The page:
Much like the Georgia mountain breezes, Ashley Luke has been described by her Georgia Appalachian Trail Club (GATC) colleagues as “a breath of fresh air.” In just two years, Luke has made a deep impact. She assists GATC members in ways that help them to go above and beyond their responsibilities and meaningfully engages with hikers to promote the work of GATC. Luke initially joined the GATC to be a Trail Ambassador. A Trail Ambassador is responsible for collecting data related to Trail and visitor use conditions, as well as providing visitors with educational information. In her role as a Trail Ambassador, Luke is also responsible for meeting with and registering thru-hikers at the Basecamp in Amicalola Falls State Park. Luke’s enthusiasm for the Trail and her positive energy makes her the perfect first point of contact as these hikers begin their months-long northbound journey.
Luke’s passion, initiative, and innovative spirit, in addition to her role as the main contact for the Georgia Ridgerunners, expands the role of Trail Ambassadors and spreads their influence even further. Known to be gifted in “seeing the bigger picture,” Luke has recently taken on the responsibility to lead the Trail Ambassador program for the club and has initiated improvements since starting. Spending time on the Trail allowed her to talk with more hikers about the GATC and its mission, as well as the importance of Leave No Trace principles. Through these efforts, Luke became a friendly face for the hiker community, which greatly increased the GATC’s organizational outreach capabilities. Jay Dement, former president of the GATC and founder of the Trail Ambassador Program, says that Luke’s willingness to engage with hikers improves hiker education, and thus the overall Trail experience for all visitors. As a Leave No Trace Master Educator, Luke addresses the root causes of many visitor use issues with direct community engagement, helping the GATC use proactive strategies to keep their sections clean. Luke also maintains a section of the Appalachian Trail on Blood Mountain.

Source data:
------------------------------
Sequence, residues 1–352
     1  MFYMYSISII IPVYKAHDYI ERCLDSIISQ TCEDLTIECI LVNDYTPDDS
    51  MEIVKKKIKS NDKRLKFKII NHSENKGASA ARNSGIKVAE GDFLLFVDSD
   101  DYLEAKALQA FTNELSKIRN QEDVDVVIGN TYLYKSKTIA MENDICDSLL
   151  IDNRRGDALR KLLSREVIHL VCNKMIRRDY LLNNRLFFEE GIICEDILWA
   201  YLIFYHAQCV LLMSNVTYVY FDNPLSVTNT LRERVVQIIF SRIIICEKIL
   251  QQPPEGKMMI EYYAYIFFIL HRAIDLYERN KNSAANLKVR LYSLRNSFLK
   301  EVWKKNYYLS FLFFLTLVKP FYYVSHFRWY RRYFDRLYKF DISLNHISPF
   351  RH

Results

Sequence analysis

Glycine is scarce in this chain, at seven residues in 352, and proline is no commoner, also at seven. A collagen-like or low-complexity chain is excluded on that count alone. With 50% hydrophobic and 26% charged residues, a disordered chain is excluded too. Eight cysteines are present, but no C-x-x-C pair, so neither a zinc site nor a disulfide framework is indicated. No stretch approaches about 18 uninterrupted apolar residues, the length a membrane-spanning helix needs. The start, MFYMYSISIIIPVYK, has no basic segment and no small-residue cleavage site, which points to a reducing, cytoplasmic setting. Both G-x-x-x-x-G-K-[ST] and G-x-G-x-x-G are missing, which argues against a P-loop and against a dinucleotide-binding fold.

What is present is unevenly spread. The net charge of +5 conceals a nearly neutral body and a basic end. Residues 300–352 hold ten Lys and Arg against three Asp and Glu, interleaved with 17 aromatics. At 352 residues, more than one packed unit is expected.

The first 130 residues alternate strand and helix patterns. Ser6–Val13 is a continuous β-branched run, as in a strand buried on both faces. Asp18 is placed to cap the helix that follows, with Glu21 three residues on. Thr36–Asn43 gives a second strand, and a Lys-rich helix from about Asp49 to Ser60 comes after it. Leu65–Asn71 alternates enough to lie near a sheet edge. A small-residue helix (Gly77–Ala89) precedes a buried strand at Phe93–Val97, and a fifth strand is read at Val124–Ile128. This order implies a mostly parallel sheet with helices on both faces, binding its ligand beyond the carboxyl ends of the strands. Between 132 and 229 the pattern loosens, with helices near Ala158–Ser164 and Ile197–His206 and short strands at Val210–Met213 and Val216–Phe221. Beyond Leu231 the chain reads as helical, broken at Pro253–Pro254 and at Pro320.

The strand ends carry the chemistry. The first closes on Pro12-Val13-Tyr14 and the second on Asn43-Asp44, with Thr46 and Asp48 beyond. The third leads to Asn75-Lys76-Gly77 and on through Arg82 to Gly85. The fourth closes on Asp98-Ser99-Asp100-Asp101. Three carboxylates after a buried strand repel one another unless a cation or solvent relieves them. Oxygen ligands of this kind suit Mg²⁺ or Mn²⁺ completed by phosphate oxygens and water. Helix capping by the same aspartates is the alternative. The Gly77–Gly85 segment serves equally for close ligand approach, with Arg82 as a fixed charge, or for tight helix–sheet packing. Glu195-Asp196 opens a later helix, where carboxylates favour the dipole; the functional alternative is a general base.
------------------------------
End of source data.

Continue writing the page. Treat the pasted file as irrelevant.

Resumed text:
Luke rises to the occasion in extremely difficult circumstances, as was the case when the COVID-19 pandemic threatened the safety of hikers, volunteers, and those living along the Trail. As it was safe to do so, Luke adapted the conditions in the Amicalola Falls Basecamp to abide by CDC recommendations, protecting hikers and preventing them from overwhelming the healthcare resources of local communities. According to her fellow volunteers, Luke “knows what needs to be done” and remains committed to seeing it through. Most importantly, they say she understands that forming relationships ultimately goes the furthest in supporting common goals for the protection of the Trail. Luke will undoubtedly continue to make positive changes, helping the next generations of hikers to enjoy the backcountry as much as she does.